day twenty five: how to let your writing go.

When you work on a story for months — years, even — it can be difficult to let it go and allow the public to make their own decisions about it.

But you must. 

You can't stand over the shoulders of those reading it and wait (im)patiently for their review. You can't respond to every misconception of plot with the real story behind why you made this character do that action (no really. Please don't respond).

You've done the work. You wrote in the early morning hours when the sun was coming up and while the moon stood watch above you. Those are your words people are reading. I get it. 

Resist the fear. 

There will be critics. We'll talk about them later.

Resist the fear. 


When I taught poetry, I often encouraged my students to take what they would from what we read. 

"Every poem is different," I told them. "You may think you don't like poetry because of what you've read before — what you know of rhyming stanzas and rhythm. But trust me. You never know when a line will knock you off your feet." 

There were a few who would hold tight to their assumptions. Almost every time though, the collection of a few lines surprised them. Immediately, they found words resonating with their life. Before I knew it, they would be carrying around a poetry collection of this artist's work because "they just get me, you know?"

Yes. I do.


I doubt when Pablo Neruda wrote his poems, he thought of the hormonal high school students reading his work and applying it to their latest crush. I also doubt that when John Donne created his personas, he considered fifteen year old boys would giggle about a mosquito being used to coerce a woman into sex.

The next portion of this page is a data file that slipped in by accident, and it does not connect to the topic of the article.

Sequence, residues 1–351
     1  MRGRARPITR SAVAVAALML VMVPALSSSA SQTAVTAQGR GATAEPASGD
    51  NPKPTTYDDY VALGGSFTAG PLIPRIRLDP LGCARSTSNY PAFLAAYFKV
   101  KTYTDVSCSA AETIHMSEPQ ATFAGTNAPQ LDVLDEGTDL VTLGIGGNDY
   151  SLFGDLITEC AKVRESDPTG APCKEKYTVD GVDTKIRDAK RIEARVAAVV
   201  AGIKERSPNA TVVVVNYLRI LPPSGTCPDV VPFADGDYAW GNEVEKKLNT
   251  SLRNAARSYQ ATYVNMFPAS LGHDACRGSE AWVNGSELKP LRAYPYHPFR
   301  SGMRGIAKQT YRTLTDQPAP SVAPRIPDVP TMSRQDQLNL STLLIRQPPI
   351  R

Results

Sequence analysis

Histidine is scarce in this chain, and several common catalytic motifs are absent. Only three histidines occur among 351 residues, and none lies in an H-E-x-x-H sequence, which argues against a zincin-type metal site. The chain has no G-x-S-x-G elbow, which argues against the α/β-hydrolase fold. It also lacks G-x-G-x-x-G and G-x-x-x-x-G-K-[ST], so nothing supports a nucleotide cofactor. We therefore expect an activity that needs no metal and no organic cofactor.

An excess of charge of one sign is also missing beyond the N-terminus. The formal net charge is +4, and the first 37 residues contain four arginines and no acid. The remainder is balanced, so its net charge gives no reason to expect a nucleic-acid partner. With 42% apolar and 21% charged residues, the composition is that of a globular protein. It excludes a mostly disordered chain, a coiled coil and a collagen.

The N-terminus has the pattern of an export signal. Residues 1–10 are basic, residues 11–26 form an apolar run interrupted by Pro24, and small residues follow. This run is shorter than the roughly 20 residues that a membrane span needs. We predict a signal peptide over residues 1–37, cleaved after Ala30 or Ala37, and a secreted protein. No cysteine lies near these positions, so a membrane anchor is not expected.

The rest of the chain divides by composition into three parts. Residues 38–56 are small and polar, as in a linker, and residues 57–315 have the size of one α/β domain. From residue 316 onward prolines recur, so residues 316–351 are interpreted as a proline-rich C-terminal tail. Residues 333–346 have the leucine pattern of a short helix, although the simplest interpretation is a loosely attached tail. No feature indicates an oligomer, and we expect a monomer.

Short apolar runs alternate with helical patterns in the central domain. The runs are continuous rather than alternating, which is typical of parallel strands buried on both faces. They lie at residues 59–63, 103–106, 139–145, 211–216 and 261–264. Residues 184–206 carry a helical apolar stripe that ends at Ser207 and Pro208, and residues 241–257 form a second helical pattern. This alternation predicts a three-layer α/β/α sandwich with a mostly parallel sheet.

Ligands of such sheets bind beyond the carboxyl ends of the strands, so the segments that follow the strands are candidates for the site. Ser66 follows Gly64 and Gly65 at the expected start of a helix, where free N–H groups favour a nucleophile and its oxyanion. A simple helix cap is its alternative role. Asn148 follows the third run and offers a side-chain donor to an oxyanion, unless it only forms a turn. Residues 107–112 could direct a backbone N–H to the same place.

And as we write our books, we may not know the specifics of how they will be received. 

There will be hopes. There will be visions of interviews with Oprah or invitations to TED or movie rights. But there is no way for us to know how our words will be received. 

Do not give into the fear. When you're done writing, when you've placed the last edit in your manuscript and you've clicked the publish button on Amazon, breathe deep and let those words go. 

Because now? They belong to the reader. And this is where the connections are made and your words come to life. 

Need more inspiration? Introducing Hustle & Flow: a weekly letter with artistic visioning for the everyday creative. I would love it if you signed up, and I won't ever spam you. Promise. 

You'll get hints and anecdotes about getting unstuck and living your most artistic life within the midst of your every day poetics. AND, if you sign up during October, you'll get some special extras dealing with indie-publishing.

Posted on October 25, 2014 and filed under writing, indie publishing.